Brain-inspired neuromorphic systems with highly parallel processing capabilities, scalability, and low-power consumption offer a promising solution to the von Neumann bottleneck, providing a key route toward artificial general intelligence. In the brain’s hierarchical structure and neuro-synaptic framework, the neuron behaves as the basic unit of information processing. Neurons and synapses are responsible for different roles. Neurons perform stimuli integration and process, exhibiting threshold-driven firing response and leaky integration. Synapses modulate the information flow through tuning their weights. Significant progress has been made on artificial synapses, while biomimetic neuron is less reported. Memristors based on the diffusion dynamics of Ag have been proposed to act as neuromorphic devices. Diffusive Ag-in-oxide memristors’ nonvolatile dynamics enable a direct emulation of synaptic plasticity, while Ag-based memristors with volatile switching effect can perform neuron’s functions. The next level is neuronal circuits, which have specialized excitatory–inhibitory (E–I) connection patterns to realize diverse functions and build complex architectural plans. Core neuronal circuits represent basic building blocks of cortical architecture and spatially combine functions of excitation and inhibition. In the biological systems, the primary means by which stimuli is delivered from one neural region to another is through excitatory signals, while inhibitory signals modulate the information flow locally and contribute to sparse-activity-induced low power operations. To make key advances in neuromorphic systems, a core research focus is to implement biomimetic and ultracompact components with the potential to construct neuronal circuits with various scales. Therefore, artificial neuron with E–I spatiotemporal dynamics is highly desired. Although artificial neurons with different designs had been developed, most lack the inhibitory function despite its equal importance with excitatory function. To address the issue, researchers use complex circuits to build E–I neurons in hardware. The E–I neurons comprise multiple capacitors and resistors plus additional circuits or have a common input for excitatory and inhibitory signals. Unfortunately, these schemes suffer from escalated hardware cost and power budget, missing functions, and poor scalability; they also impede the enactment of spatiotemporal dynamics that simultaneously process the excitatory and inhibitory signals. Neuromorphic networks usually adopt the Poisson code to encode information into spike trains where neurons need to fire a huge excess of spikes to reach an acceptable precision, which is limited by the unavoidable discretization. However, there is increasing evidence that the biological networks with a balance between excitatory and inhibitory inputs may provide efficient and cooperative code at the population level, thus significantly improving the network’s performance. As a significant mode of brain communication, neuronal oscillations can construct high-dimensional population codes through neuron clusters’ synchronization of action potentials and are widely implicated in brain activities. For example, neuronal oscillations with gamma rhythm are considered to denote the reference signals for temporal encoding, promoting information exchange. The critical functions of neuronal oscillations include perception, learning, and memory, and others. Neuronal oscillations are considered to coordinate brain activity into ordered patterns that optimize local information processing and facilitate signal transmission, constituting a fundamental mechanism to enable precise shuffling and integration of bottom-up and top-down signals. Thus, it is vital to replicate the neuronal oscillations with artificial hardware as a key effort in neuromorphic computing. We demonstrate a single-transistor artificial E–I neuron by integrating a threshold switch (TS) connected with a gated 2D semiconductor MoS2 channel. Without auxiliary reset circuits, the device exhibits bio-realistic dynamics to emulate essential neuronal functions such as leaky integration, threshold-driven fire, inhibition, firing threshold tuning, and self-recovery. The biomimetic neuron operates with independently regulated excitatory and inhibitory inputs. These unique designs allow the spatiotemporal integration of excitatory and inhibitory signals to be realized in a single device without any circuits. More importantly, the artificial E–I neuron can be adopted to generate neuronal oscillations and support information integration and synchronization. As a result, the E–I neuron demonstrates enriched functions and provides a promising pathway to building ultrascalable, low-cost, basic components for largescale integrated neuromorphic systems with superior braininspired functions.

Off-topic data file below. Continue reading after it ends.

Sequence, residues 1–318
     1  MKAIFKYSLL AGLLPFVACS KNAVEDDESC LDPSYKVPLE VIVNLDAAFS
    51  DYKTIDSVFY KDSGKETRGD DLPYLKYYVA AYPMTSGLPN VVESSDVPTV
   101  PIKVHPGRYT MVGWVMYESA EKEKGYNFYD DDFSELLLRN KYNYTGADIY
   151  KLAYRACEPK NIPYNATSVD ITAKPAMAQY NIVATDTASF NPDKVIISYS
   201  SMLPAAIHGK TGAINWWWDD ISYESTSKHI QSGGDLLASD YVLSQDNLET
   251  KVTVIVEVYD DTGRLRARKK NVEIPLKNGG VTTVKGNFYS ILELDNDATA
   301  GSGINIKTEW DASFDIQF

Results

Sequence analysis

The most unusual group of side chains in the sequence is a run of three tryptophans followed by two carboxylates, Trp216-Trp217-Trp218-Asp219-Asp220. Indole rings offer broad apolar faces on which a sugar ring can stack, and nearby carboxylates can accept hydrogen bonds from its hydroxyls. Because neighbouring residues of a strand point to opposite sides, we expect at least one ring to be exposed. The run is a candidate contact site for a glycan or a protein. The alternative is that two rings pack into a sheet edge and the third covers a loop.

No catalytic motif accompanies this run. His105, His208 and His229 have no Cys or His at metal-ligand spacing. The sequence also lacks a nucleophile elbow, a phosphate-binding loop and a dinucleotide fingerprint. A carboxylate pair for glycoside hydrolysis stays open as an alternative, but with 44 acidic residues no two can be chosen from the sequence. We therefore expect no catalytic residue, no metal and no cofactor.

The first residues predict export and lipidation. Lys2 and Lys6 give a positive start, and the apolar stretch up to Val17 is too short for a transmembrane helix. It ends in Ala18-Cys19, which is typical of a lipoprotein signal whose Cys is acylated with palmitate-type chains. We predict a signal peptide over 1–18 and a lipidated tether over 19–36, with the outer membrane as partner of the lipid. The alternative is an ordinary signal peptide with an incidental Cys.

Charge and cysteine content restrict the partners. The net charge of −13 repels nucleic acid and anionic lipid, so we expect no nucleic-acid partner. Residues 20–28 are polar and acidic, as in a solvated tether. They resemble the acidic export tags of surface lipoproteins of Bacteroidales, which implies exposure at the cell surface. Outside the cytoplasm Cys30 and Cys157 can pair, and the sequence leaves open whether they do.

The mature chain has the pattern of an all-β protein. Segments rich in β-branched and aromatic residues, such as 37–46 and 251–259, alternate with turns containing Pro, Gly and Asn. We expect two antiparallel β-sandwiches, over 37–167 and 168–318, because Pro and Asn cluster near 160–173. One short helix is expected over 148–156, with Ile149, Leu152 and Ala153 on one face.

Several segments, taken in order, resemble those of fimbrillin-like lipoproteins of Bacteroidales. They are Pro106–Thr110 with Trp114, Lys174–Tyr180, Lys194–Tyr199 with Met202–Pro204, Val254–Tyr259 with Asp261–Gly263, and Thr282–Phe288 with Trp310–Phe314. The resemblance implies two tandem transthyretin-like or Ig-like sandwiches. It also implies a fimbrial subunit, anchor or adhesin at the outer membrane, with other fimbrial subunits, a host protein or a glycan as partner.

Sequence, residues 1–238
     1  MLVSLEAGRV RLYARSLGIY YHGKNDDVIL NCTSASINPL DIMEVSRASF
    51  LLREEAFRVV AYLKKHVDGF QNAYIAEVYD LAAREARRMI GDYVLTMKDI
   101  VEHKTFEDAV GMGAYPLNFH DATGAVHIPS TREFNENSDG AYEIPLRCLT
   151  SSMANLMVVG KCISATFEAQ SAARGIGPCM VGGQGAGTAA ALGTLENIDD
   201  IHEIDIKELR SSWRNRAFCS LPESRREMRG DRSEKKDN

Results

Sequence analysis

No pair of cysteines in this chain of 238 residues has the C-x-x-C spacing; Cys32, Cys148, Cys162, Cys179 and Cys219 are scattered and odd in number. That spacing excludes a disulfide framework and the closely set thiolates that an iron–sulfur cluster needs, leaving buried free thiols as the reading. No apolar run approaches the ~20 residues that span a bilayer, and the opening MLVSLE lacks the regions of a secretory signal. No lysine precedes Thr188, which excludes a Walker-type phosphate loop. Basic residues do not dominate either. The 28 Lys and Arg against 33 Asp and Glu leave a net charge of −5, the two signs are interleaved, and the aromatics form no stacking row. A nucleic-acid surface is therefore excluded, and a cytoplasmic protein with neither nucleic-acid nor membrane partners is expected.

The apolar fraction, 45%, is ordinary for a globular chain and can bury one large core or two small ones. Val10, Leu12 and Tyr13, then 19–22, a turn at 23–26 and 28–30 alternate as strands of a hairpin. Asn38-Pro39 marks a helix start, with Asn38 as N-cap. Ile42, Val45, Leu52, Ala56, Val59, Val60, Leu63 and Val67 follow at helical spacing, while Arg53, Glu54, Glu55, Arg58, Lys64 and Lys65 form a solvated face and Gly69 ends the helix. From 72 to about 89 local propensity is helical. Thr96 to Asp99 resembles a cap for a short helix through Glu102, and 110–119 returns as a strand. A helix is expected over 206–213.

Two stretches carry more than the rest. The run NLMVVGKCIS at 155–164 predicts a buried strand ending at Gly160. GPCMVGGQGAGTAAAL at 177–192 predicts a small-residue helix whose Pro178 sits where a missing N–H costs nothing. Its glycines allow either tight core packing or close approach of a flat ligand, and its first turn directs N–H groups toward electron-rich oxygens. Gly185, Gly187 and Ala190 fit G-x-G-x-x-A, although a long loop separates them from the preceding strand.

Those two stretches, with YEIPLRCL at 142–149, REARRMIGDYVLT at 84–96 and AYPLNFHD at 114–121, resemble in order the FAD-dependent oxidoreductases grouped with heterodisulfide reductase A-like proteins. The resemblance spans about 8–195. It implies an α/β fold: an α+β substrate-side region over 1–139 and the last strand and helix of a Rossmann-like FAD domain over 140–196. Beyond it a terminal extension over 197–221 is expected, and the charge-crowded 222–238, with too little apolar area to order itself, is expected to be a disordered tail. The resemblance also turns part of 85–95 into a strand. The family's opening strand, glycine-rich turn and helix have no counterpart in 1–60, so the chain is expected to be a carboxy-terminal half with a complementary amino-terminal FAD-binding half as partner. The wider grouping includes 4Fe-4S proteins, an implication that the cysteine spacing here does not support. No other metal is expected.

Neuronal oscillations are essential activities associated with advanced brain functions. The network of fast-spiking and soma-inhibiting interneurons plays a crucial role in generating neuronal oscillations with gamma rhythm. As soma-inhibiting GABA-containing interneurons (GABA is an inhibitory neurotransmitter), basket cells’ action potentials are generated at a rate of ≈1 per gamma cycle and are precisely phase-locked to the oscillations. Therefore, regular and synchronized neuronal activity is critical for generating oscillations. In the inhibitory interneuron networks, the fast and robust inhibition signal among interneurons is an effective synchronization. In vivo analysis reveals that the oscillation generation also requires the excitatory synapses between pyramidal cells and intermediate neurons with excitatory neurotransmitters such as AMPA. The compound inhibitory conductance formed by the inhibitory and excitatory signals underlies the synchronization in interneuron networks, which would further generate neuronal oscillations. The temporal windows of high (red) and low excitability (blue) defined by the compound inhibitory conductance follow an alternating manner with the capability of regulating the neurons’ activity in the oscillating interneuron network (taking five neurons as an example). We established a pyramidal-interneuron gamma (PING) network to reveal and characterize the generation of neuronal oscillations with gamma rhythm. The excitatory pyramidal cells (E-cells) and the inhibitory interneurons (I-cells) are closely distributed. The activation of the reciprocally connected networks of excitatory and inhibitory neurons via the PING mechanism is considered one of the significant ways to produce synchrony in a minicolumn (details of the PING network simulation can be found in Text S1, Supporting Information). Figure 5e plots the normalized density of firing events of I-cells varying with time (estimated using a Gaussian kernel with a bandwidth of 3 ms). At the beginning of the simulation, neurons fire irregularly, while under the modulation of E-cells’ activation and I-cells’ suppression, neurons’ firing is gradually synchronized to generate gamma oscillation. We further study the impacts of the I-cells’ modulation strength on the synchronization The PING network simulation indicates that a vital sign of neuronal oscillation generation is the normalized density of interneurons firing events changing periodically with the specific rhythm.